Canyon Tales
Like Water Falling
through the Air

by Lori Curry

— Deer Creek, Grand Canyon National Park —
Spring conditions, Class C.

Can I do it? Will I?

Rich Rudow shows us exactly where the fall line of the rap is, next to the long, white, roaring, graceful fall that has seared my imagination for more than a year. He points out the narrow vertical crack that will keep the skilled from being pummeled by the gravity–weighted flow. He calmly adds that the turbulent white pool at the base throws you out of itself like it doesn’t want you. I hadn’t thought beyond the falls to the hydraulics yet. We watch a rafter trying to force his way to the falls head on. The young turk is body surfing against the force and doesn’t overcome it. I think I will, I say in a small voice. The sound and power of the falls reverberate in that space between my ears as I hike alone with myself to the patio at the top of the falls.

We gather at the top; talk strategy. There are clouds, forecast for possible showers later, Rich is comfortable with the water conditions, and we may only get one run through, who’s going? “What are you here for, girl?” I say to myself. With more bravado than I feel, I jump at the chance to go in the first group.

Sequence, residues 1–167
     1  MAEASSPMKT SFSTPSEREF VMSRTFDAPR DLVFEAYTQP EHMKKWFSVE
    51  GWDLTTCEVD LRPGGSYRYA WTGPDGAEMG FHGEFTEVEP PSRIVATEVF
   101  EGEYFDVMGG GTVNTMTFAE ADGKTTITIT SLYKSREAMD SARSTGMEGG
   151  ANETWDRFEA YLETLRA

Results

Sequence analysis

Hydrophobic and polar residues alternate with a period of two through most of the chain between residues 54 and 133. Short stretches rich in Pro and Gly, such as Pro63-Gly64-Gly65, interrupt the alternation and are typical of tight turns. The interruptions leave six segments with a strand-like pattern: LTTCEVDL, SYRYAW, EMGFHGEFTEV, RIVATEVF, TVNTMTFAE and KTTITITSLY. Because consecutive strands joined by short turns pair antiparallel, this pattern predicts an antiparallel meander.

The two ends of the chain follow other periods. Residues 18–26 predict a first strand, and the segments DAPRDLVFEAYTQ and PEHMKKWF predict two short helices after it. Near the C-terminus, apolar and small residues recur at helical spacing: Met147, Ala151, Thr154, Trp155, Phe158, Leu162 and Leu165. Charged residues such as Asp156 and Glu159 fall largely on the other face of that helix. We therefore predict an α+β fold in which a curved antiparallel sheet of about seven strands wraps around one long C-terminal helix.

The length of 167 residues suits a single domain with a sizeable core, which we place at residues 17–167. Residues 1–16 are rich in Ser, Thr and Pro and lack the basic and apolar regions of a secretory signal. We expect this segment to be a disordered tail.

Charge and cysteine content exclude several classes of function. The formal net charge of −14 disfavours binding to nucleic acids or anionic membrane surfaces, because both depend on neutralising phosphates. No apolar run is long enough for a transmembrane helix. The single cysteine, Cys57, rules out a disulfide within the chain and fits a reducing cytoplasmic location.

The first drop is right into the slot and we’re rapping and downclimbing this incredible canyon right away. The roar of the falls that is in my head is soon replaced by the echoing of multiple–staged falls, pouring into chambers and pools, over boulders and around bowls, louder and louder the roar and the gathering power becomes until, in the final chambers, we can only communicate verbally mouth to ear or by whistle. I trust these men with my life — so much is said by glance, gesture, and smile. Setting or cleaning the rappels requires almost no language or sign as our teamwork is well–established. In these conditions, the canyon is not reversible. We are all on task.

At the last sequence, Rich goes first to check the anchor, changes out webbing, sets the contingency: time enough for the chill and the thought of what lies around the corner out of sight to set in deep. The roar of the water is continuous and unrelenting — it will not let you begin to forget for a moment. I alternate between hanging out over the edge, clipped into the anchor where I can see Rich working below, the watching rafters, and our safety, Kent Ebersole, at the bottom; to standing with the others in a small thin patch of sunlight that barely reaches us at the bottom of hundred–foot curvaceous walls above our heads. The deafening roar precludes even Ram from much tension–reducing, gut–splitting commentary.

The first stage is into a deep pool where the water gathers its energy and prepares itself for its final headlong dash to the canyon floor and its union with the Colorado River. I watch Ram go first. He lands the rappel on a shelf and gathers his composure, reaches his hand to Rich, and crosses the deceptively calmly moving water at the lip of the 180’ drop the water — and each of us alone — are about to make. Ram goes.

The whistle blows twice.